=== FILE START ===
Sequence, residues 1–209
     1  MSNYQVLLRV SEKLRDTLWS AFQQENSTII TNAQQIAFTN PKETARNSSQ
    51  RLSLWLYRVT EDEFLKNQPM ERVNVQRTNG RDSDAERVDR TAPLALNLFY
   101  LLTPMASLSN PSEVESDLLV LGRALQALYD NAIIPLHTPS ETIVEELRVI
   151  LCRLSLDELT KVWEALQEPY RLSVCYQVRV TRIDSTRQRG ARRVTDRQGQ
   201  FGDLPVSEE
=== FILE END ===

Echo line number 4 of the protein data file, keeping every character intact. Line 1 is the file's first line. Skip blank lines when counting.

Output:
   101  LLTPMASLSN PSEVESDLLV LGRALQALYD NAIIPLHTPS ETIVEELRVI